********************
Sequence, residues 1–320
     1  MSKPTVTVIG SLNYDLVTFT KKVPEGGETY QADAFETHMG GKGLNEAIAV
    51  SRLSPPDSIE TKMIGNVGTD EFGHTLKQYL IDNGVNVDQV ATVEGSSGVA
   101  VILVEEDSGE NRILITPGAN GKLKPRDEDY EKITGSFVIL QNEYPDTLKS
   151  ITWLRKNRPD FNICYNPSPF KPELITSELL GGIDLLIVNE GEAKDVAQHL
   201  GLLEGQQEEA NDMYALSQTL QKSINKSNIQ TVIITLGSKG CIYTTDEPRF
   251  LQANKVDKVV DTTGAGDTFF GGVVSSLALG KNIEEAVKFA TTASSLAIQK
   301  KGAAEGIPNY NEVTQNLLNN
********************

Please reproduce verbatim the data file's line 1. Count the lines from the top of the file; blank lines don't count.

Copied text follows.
Sequence, residues 1–320